(Joni Mitchell, “Woodstock,” 1970)
When Joni Mitchell’s Ladies of the Canyon was released in 1970, I was 12 and not thinking about who I was or where my life was going or much of anything beyond the confines of my neighborhood. I did not have an identity crisis, was not worried about world peace, and the Selective Service was way beyond the pale. I played Capture the Flag in the backyards with my friends, watched Gilligan’s Island, Hogan’s Heroes, and I Dream of Jeannie first-runs after school, and fought with my sister (two had moved out). I didn’t know where Woodstock was, much less what was going on at Yasgur’s farm, or who Jimmy Hendrix or Janis Joplin or Joni Mitchell were. Yet, in the midst of twelve-year old play, I remember feeling like I was on the cusp of something new, something just beyond my grasp. I knew the world was changing but just didn’t know what it had to do with me. That came later.
About 14 I discovered some of the incredible music of the late Sixties and early Seventies. Sometimes I forget about the great singer-songwriters of the Seventies because of the fact that the decade was so infected by disco after “Saturday Night Fever” hit in 1975. Looking back I have to first part the mirror-ball body-bumping spectacle of that music to see the golden music that was there all along. A couple of days ago, I went to Pandora and typed in “Joni Mitchell” and it’s like an intimate friend, someone who was with me then, is playing song after song of my high school and college years, back-to-back tracks by Neil Young, Laura Nyro, Fleetwood Mac, Eva Cassidy, Van Morrison, James Taylor, Carol King, and the queen of melancholy herself, Joni Mitchell. But I digress. . . . By the time I hit senior high school, folks weren’t going to Yasgur’s Farm anymore for enlightenment but boring down deep to figure out the meaning of life. Just like personal introspection had taken root in the music, so we were consumed by the personal.
It was an intense time. Let me see if I describe it for you. One night I’m in my room on the ground floor of our house, and my friend John comes to my door. He can’t speak, only stand there and look at me. I ask him what’s wrong and all he can murmur is “Carol broke up with me.” So we start walking and walking and walking, and he never says a word about it, despite my asking. We end up at Pizza Hut, me unable to figure out what to do, him a despondent teenager sure that his personal life is forever ruined, that nothing would ever be the same.
And that’s how it went back then. Every rejection was perceived as life-ending. Of course it wasn’t. At worst it made for a bad day or week. But teenage vision is myopic, and we could not see over the rim of the pit we had dug for ourselves. We had so little perspective, so little history of tribulation and trial to draw upon that we were unable to see God’s providences in our lives. It was all present tense and so, so all about me. Parents might reassure, but they remained on the periphery, distant planets in a solar system where we were the sun.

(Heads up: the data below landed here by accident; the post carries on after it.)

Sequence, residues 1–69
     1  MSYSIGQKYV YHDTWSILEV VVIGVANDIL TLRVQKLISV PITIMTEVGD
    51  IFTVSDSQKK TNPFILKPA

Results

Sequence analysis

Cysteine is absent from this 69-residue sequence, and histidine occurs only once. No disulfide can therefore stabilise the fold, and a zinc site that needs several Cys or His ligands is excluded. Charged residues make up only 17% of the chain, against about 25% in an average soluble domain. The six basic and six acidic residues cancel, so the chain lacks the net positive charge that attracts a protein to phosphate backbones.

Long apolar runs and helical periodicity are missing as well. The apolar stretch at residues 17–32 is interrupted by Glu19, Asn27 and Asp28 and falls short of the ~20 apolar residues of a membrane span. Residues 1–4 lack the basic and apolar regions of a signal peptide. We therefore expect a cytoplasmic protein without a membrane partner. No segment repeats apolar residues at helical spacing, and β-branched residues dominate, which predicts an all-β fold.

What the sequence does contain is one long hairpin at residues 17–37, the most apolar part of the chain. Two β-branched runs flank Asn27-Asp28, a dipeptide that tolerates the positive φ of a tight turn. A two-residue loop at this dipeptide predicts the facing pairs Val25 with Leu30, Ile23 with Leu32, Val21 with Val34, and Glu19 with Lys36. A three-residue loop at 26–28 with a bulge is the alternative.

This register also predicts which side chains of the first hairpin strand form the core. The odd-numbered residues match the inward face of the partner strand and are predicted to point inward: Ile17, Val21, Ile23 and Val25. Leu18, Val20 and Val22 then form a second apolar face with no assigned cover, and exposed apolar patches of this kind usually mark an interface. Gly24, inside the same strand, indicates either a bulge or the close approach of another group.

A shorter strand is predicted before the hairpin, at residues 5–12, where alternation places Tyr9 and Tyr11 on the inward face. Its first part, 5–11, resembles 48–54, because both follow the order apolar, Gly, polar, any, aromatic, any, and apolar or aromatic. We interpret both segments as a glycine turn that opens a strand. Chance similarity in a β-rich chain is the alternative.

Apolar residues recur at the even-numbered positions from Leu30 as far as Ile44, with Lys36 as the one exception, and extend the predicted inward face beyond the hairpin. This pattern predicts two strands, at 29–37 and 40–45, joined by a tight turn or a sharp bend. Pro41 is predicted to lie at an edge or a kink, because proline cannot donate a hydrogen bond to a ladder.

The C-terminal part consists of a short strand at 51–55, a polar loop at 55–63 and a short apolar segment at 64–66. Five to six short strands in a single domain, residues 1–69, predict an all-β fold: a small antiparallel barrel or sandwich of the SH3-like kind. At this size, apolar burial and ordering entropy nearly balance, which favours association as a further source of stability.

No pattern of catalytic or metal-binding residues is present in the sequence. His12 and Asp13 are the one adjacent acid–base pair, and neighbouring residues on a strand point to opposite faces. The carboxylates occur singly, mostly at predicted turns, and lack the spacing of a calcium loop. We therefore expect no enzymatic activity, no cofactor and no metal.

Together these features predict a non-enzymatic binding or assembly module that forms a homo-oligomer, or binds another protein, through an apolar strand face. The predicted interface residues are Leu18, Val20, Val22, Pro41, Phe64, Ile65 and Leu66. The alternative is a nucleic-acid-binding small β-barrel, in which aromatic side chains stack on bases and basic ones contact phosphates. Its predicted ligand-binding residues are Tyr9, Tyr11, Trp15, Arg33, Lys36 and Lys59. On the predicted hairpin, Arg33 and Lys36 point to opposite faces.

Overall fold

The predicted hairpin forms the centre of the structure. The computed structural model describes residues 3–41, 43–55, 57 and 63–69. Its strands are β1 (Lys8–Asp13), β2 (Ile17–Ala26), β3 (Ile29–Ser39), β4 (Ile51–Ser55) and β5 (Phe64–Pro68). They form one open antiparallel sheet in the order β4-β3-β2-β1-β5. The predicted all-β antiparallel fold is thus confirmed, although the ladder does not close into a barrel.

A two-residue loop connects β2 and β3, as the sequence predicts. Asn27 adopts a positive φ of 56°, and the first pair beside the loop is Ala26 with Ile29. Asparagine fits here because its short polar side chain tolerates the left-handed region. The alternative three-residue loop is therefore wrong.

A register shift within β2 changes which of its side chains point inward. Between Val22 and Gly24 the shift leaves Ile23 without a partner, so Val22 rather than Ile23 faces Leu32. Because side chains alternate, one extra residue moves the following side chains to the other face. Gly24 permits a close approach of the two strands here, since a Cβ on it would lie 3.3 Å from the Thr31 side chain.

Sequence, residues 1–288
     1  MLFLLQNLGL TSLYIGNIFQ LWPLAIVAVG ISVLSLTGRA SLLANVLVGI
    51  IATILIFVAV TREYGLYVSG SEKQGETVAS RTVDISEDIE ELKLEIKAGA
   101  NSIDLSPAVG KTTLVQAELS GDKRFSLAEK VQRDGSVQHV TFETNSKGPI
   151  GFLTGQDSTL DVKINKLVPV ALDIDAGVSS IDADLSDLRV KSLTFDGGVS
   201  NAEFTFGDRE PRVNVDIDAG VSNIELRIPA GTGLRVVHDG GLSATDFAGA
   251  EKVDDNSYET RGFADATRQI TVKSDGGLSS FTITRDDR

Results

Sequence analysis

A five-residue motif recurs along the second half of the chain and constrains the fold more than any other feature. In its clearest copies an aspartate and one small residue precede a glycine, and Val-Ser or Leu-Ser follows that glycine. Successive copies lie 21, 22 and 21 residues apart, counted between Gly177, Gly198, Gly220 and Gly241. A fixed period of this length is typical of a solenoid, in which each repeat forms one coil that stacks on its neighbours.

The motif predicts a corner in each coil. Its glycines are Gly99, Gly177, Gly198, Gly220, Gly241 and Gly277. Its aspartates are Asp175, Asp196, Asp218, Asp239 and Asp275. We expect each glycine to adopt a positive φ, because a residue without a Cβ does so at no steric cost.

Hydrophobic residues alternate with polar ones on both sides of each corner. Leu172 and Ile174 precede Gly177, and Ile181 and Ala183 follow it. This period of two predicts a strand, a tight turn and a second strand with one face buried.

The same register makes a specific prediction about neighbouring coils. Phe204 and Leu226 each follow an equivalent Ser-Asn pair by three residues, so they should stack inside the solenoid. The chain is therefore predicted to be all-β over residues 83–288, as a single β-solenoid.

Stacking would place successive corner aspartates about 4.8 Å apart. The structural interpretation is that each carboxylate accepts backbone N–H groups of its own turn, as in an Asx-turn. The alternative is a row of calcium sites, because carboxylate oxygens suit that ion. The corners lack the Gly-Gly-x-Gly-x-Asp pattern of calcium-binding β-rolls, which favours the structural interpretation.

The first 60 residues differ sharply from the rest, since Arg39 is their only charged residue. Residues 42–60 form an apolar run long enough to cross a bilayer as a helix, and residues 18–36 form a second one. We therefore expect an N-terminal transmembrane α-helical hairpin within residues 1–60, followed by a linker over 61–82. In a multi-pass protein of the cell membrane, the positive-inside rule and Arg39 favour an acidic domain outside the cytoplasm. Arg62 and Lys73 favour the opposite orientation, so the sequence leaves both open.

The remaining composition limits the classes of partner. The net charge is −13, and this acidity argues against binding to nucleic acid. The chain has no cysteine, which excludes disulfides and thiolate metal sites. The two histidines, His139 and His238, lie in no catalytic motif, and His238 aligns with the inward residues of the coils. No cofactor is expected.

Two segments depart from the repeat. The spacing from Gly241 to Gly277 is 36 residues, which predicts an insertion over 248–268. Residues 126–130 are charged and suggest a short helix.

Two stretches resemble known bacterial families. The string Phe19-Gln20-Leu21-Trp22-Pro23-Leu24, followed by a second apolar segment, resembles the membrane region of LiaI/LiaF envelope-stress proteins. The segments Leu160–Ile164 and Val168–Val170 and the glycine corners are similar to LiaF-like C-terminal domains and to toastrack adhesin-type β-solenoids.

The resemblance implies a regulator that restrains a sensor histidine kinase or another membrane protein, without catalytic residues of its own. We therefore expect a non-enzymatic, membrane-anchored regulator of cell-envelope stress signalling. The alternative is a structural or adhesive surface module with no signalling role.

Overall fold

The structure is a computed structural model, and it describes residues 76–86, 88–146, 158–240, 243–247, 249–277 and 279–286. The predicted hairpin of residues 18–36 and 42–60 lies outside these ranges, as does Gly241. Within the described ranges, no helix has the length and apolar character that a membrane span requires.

Or maybe it’s the time of man
I don’t know who l am
But you know life is for learning
We are stardust
We are golden
And we’ve got to get ourselves
Back to the garden
Like everyone else in high school, I was trying to figure out who I was and who I wanted to be. Nobody seemed to know anything. I didn’t even know all the questions to ask, but I did sense that there was something wrong with measuring my worth by the expectations of others, by whether someone liked me or didn’t like me.
One day my mother (who did not offer many explanations for life but listened well) gave me a book called I Never Promised You a Disneyland, by Jay Kesler. Reading that book, for the first time I felt like someone understood what I was facing as a teenager (which was mostly what all teenagers were facing). I cannot even remember what the book said, but it was something like “we are stardust, we are golden, and we’ve got to get ourselves back to the garden,” if you want to be poetic about it. In other words, it was a book that connected to the concerns of my life, reminded me of my immense worth because of the love of a very personal God, and pointed me back to the elemental things I had been taught all my life. Of course it wasn’t the book that resulted in me making the faith my own, as many factors were at work in my life, but it was a precipitating factor, one which, if the writer knew, would make the writing of his book worth it just for my sake.
Maybe it was also those great singer-songwriters of the Seventies, the ones who made me ask questions and wonder. Neil Young was looking for a “heart of gold,” Joni Mitchell said we were “golden,” and Dewey Betts and the others in America were out on the Ventura Highway writing about life and its discontents. Believe me, it is not nostalgia that makes me write about this, as I would never want to return to the conflicting emotions and turmoil of that time, but I look backward in gratitude for music and books that made a difference. Some people are helped to faith by real, live people; me, I had books and music to provoke me and even disciple me. Even the good music of the nonbelievers led me to faith.
We are golden. We are the handiwork of a living, personal God who made us for himself, with unique, immense worth, and who wrote himself into the story as the one who came along side us and asked: Do you know where you’re going? I’m thankful to be able to answer that question in the affirmative, even as I cannot offer a detailed roadmap of how to get there. I can only point you to the Writer himself, to the golden music that lies behind the mirror-ball spectacle of life that parades before us. It's always been there. That's my Woodstock.